To characterize the molecular basis of the phenotypes associated with cyp1b1 LoF, we performed a transcriptomic analysis in the offspring (seven dpf) of cyp1b1-KO zebrafish with craniofacial defects. The functional enrichment analysis of DEGs identified a consistent alteration of genes involved in three biological processes that could be directly related to the observed phenotypes: (i) the ECM and cell adhesion, (ii) the regulation of cell proliferation and (iii) lipid metabolism (retinol, steroids and fatty acids). In addition, metabolic-related oxidation–reduction processes, which included many cytochrome P450 genes, and immune response and inflammation were also significantly enriched in our analysis.
In the first group, we found altered expression of a repertoire of matrix metalloproteinase (MMP)-encoding genes that may disrupt ECM assembly and remodeling, playing a direct role in adult and early craniofacial phenotypes observed in cyp1b1-KO zebrafish. Some of these MMPs participate in neural crest-derived cell migration (ADAMTS20A or LOC101886654) [57], regulate fibronectin levels in zebrafish (mmp11b) [58] or break down elastin and other proteins (cela1.3, a serine-type endopeptidase orthologous to the human chymotrypsin-like elastase 1 or CELA1) [59]. Similarly, the identification of cell adhesion DEGs, such as those encoding protocadherins (Pcdh1g30, Pcdh1g3, Pcdh1gb9, Pcdh1g2 and Pcdh1g26), desmosomal proteins (desmoglein (Dsg2.1) and desmocollin (Dsc2l)) and periostin (Postna) indicate possible dysregulation of developmental signaling and developmental processes, including morphogenesis [60][61]. In fact, Postna modulates ECM organization [62] and is involved in ocular developmental defects observed in the Cyp1b1-KO mice [33], and MO-mediated dsg2.1 knockdown is associated with head development disruption [63].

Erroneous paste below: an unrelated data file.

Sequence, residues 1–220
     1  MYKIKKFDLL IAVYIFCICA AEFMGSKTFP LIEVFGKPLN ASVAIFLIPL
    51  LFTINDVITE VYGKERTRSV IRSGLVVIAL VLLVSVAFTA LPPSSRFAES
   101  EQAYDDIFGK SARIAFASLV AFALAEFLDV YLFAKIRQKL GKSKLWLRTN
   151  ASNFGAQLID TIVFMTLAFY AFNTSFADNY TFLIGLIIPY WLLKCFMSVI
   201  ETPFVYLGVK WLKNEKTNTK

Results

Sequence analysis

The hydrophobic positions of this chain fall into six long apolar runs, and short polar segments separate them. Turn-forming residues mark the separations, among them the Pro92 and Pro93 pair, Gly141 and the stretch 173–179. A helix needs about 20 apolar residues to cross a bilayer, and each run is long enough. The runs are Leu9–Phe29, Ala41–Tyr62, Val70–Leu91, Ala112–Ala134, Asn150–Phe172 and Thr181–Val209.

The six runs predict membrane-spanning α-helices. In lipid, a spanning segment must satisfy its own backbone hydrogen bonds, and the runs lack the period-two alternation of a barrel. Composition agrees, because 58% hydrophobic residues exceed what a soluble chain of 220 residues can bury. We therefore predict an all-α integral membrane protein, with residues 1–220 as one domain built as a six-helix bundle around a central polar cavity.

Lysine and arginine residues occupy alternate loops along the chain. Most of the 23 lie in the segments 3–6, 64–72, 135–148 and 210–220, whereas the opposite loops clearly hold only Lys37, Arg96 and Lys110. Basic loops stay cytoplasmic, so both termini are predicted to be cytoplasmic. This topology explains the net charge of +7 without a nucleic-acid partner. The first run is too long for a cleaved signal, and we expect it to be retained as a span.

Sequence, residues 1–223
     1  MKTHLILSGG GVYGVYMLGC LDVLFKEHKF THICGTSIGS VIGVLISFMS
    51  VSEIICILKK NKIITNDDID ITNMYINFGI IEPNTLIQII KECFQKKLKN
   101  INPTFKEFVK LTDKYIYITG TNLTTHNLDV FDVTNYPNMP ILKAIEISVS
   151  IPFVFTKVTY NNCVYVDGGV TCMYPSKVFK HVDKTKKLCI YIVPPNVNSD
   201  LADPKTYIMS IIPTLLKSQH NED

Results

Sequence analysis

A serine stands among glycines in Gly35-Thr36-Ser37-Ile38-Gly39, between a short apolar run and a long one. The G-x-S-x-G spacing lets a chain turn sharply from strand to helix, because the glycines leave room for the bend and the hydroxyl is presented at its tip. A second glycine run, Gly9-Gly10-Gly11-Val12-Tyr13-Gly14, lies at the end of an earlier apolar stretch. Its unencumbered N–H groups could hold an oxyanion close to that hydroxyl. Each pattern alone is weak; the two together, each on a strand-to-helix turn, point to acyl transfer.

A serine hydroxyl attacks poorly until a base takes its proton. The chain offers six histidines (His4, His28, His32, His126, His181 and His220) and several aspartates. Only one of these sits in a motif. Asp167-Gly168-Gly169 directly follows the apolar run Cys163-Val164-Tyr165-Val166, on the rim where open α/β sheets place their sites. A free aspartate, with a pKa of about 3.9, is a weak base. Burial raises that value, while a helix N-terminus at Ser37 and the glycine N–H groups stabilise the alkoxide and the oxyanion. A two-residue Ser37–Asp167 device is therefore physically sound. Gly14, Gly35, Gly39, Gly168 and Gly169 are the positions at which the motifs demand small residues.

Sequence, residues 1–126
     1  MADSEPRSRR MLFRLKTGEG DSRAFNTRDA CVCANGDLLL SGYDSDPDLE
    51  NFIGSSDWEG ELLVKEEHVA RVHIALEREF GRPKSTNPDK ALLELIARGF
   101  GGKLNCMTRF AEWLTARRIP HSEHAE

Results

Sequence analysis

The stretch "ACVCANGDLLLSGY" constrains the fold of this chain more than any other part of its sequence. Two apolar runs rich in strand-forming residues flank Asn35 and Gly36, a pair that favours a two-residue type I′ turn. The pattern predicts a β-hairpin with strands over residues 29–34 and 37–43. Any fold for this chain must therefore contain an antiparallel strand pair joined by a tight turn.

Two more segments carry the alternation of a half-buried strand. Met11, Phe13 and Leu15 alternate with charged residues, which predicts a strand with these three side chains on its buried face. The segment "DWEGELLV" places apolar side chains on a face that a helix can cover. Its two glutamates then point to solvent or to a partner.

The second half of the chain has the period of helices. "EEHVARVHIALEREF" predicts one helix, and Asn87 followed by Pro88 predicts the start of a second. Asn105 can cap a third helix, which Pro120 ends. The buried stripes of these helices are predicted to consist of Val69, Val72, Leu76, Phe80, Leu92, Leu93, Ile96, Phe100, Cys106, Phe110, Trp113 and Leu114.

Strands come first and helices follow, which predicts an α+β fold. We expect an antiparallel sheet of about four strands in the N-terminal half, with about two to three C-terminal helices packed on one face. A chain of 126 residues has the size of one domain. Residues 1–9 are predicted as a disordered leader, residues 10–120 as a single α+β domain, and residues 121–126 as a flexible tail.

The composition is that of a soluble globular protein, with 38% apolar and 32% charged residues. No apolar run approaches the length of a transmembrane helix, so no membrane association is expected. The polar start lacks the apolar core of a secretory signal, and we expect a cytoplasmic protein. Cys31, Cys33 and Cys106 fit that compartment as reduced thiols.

Functionally enriched DEGs playing a role in cell proliferation pathways and craniofacial morphogenesis suggested an alteration in development signaling in the cyp1b1-KO zebrafish that might also contribute to the craniofacial phenotypes observed in adult mutant zebrafish and maybe in F0 crispant larvae. Among these genes, we found members of the c-Jun/AP-1 (junba and junbb) canonical Wnt (wnt9b) signaling pathways, indicating that those members were altered. Interestingly, wnt9b knockdown produces jaw and craniofacial defects in zebrafish larvae [64]. On the other hand, downregulation of some genes of this group (grhl3, furina, ahrra and cdk6) leads to craniofacial maldevelopment in different animal models [65][66][67]. Three of these genes (grhl3, furina and ahrra) were upregulated in our animal model, suggesting they might participate in possible genetic compensation of cyp1b1 LoF. Additional downregulated genes such as fosl1a and relb participate in bone matrix remodeling [68] and osteoclast differentiation [69], respectively.